Social Issues,  Thought-provoking

When framing becomes defaming

Frames in art are meant to help a work stand out and better express its reality. But José Maria André is concerned that in everyday media framing is often used to distort and even falsify what people are trying to say.

Journalists distinguish between the news and its framing. The factual description is the news; the framing is the set of associations, more or less implicit, that go with it.

It may surprise us, but framing often carries a lot more weight in modern communication than we realize. Some media even specialize in framing information according to what, in their opinion, the public should think.

For example, a book comes out that shows the dangers of child sexual initiation, but the newspaper wants readers to accept this. The news could be reported like this:

“So-and-so, connected with extreme right-wing movements, has written a book uncompromisingly condemning the right of children to have pleasure. Speaking to this newspaper, Dr X, a researcher in the field, commented that we can’t reject something just because it’s different from our grandparents’ time. And Professor Y, a respected academic, even mentions the positive experience of more developed countries that have accepted this practice.”

We cannot say that the news is false. Indeed, a book was published and there are people who disagree with it. The point is that many readers don’t register the information in such banal terms.

Two people criticizing an idea is commonplace, the important thing is the message conveyed by the framing. The framing presents us with a stubborn and isolated author versus enlightened and informed personalities. It sticks a negative label on the author and classifies the opponents as researchers and academics.

It seems to focus on the book, but none of its arguments are mentioned. It even lets us think that the book wants to take us back to the time of our grandparents and refers to ‘positive experiences’ in ‘developed countries’. Or rather, it doesn’t state this falsehood itself, it appeals to the authority of a ‘respected academic’ to make this claim.

National and international information is full of framing loaded with disguised messages.

Labeling people, whether with positive or negative labels, is a widely used tool in these manipulations. Examples abound. 

The delinquent who vandalized the altar at the major international Catholic youth event, the World Youth Day, with Pope Francis in Lisbon last summer is described as an ‘artist’.

Those who defend the family are depicted as backward extremists. The mob that robs a museum or hits people is a collective of activists. Those who help homosexuals overcome their situation are committing hate crimes and are homophobic fascists.

The manipulation of words is another common technique. 

Instead of abortion, we talk about voluntary interruption of a pregnancy. Instead of being unfaithful to commitments, we talk about starting over again. Instead of killing, we talk about euthanasia.

Making words pliable means giving up the search for truth, following the ‘pensiero debole’ (weak thought) proposed by Gianni Vattimo and Pier Aldo Rovatti, which ultimately leads to a form of thinking which is inconsistent and precarious.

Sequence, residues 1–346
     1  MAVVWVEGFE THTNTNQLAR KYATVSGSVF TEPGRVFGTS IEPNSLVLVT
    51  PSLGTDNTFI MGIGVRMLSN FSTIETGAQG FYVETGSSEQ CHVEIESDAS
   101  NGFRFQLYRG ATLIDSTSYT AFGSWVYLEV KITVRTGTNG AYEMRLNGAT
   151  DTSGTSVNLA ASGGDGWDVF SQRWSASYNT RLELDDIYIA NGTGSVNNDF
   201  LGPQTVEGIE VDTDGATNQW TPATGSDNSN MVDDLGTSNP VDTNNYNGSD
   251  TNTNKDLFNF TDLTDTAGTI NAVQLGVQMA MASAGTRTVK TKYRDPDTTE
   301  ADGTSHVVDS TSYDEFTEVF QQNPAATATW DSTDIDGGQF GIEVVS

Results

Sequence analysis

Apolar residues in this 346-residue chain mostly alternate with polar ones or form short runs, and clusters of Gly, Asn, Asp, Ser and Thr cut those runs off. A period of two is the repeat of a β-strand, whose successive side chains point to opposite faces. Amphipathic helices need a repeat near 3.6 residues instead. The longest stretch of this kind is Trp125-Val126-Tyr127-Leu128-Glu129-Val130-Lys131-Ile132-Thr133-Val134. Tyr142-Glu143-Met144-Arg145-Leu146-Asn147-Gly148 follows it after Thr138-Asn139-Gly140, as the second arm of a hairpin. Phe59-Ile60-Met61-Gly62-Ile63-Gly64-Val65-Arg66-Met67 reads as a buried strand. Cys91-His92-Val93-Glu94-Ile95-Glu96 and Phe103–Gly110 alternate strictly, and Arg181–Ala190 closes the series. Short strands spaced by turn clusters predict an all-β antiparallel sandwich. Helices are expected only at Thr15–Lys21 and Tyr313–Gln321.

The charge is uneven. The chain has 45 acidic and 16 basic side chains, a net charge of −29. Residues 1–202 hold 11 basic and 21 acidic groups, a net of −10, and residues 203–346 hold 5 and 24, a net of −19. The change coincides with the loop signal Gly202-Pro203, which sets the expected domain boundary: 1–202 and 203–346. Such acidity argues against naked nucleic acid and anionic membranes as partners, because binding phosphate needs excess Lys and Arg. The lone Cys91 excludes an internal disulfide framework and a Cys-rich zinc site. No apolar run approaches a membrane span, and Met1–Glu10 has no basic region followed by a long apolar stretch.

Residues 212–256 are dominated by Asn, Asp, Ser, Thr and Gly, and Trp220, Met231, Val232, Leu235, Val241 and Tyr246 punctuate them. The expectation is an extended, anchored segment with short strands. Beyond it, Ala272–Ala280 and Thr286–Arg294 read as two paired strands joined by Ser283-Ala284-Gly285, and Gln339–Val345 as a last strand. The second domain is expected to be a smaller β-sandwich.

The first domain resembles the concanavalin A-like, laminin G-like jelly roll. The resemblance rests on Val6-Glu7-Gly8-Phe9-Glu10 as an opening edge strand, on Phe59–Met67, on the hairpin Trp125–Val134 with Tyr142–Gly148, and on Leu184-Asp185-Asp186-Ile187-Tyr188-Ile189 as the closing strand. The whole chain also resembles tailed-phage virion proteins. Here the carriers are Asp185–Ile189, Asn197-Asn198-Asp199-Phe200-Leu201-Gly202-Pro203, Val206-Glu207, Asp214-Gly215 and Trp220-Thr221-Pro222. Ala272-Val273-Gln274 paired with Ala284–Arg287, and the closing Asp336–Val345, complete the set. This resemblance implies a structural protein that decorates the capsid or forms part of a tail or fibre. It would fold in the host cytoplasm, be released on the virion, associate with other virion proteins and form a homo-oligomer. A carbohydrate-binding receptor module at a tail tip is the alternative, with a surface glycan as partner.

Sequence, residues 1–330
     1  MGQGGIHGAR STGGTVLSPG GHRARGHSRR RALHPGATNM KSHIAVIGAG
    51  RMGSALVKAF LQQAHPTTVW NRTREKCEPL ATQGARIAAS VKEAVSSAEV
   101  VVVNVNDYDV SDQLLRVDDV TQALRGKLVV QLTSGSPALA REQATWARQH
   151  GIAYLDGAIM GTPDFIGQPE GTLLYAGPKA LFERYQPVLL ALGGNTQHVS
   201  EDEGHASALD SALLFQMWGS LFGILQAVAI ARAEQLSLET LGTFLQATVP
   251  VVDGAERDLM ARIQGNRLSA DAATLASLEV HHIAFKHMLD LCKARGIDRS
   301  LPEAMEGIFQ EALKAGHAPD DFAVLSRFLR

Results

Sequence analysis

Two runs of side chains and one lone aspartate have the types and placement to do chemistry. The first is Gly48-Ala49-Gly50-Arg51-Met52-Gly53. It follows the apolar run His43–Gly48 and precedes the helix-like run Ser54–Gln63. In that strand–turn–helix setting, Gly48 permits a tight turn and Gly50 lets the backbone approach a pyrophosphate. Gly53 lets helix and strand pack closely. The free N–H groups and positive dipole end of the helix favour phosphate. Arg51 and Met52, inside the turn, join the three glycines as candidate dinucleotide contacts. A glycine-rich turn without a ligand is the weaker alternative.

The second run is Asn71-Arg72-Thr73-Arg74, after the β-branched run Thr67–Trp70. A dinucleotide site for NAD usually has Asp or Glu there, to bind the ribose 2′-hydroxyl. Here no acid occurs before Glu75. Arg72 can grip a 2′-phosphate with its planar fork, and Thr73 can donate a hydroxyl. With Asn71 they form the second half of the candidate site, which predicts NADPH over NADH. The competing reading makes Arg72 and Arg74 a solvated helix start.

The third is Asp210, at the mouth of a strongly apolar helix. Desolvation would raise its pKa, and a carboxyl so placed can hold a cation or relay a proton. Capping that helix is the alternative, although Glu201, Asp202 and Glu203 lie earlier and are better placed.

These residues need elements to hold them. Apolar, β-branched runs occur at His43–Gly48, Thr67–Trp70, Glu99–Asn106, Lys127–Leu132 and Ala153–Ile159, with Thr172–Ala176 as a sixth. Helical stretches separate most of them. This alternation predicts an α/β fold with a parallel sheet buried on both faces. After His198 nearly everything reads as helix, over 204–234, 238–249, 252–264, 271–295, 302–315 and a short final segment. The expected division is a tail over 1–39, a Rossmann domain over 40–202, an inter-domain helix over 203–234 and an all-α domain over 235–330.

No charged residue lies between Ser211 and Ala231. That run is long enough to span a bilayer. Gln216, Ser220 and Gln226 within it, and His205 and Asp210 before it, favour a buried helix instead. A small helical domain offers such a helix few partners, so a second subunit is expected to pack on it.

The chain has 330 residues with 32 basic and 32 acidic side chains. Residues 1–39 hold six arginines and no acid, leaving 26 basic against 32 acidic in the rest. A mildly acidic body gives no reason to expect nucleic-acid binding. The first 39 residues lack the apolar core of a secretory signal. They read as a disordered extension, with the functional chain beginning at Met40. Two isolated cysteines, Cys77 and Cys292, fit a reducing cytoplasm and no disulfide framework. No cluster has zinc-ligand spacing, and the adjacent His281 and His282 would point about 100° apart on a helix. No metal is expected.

One of the biggest campaigns of vocabulary reconstruction is gender ideology. It has created a whole new dictionary! This includes dozens of adapted or new words, like the one that holds the record for the number of letters in most languages. That construction is so difficult to articulate that people only say it in abbreviation: LGBTQ+.

The direct target of gender ideology is the family because, from the perspective of extravagant selfishness, loving family bonds are like prison bars. Parents are tied to their children for years, husbands and wives depend on each other for the generation of their children. Therefore, liberation requires removing sex from any family responsibility and limiting it to selfish pleasure. 

Gender ideology is not about promoting the dignity of anyone, neither man nor woman, it’s just about inventing new individuals without families.

This movement succeeds in the realm of flexible words, but it only ends up contradicting itself successively, because selfishness is so corrosive that it dissolves the very exercise of freedom. It only admits instantaneous whims, it opposes free decisions intended to remain beyond the present moment.

As the previous pope, Benedict XVI, said in his last speech: “For the philosophy of gender, being a man or a woman becomes an individual decision. (…) In the struggle for the family, man himself is at stake. And it is clear that where God is denied, the dignity of man is also dissolved. Whoever defends God defends man.”

Pope Francis has insisted with ever greater frequency that “today, the most serious danger is gender ideology, which annuls differences and makes everything the same; to erase difference is to erase humanity.”

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José Maria C.S. André is a Professor in the Mechanical Engineering Department of the Instituto Superior Técnico (University of Lisbon) in Portugal. He researches in aerodynamics, vehicles and transport infrastructures. He also has a PhD in Philosophy from the Pontifical University of the Holy Cross in Rome, Italy. He is CEO of Goodspeed, a technical design company for advanced vehicles and transport infrastructures.

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